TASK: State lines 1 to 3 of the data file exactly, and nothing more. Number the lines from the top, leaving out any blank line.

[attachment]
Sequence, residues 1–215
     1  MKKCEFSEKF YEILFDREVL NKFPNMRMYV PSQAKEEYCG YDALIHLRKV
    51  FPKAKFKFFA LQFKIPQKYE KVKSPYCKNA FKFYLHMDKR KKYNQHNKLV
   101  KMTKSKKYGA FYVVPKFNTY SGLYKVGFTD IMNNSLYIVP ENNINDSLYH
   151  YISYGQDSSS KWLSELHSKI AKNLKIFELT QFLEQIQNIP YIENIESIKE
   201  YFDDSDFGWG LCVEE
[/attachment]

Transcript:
Sequence, residues 1–215
     1  MKKCEFSEKF YEILFDREVL NKFPNMRMYV PSQAKEEYCG YDALIHLRKV
    51  FPKAKFKFFA LQFKIPQKYE KVKSPYCKNA FKFYLHMDKR KKYNQHNKLV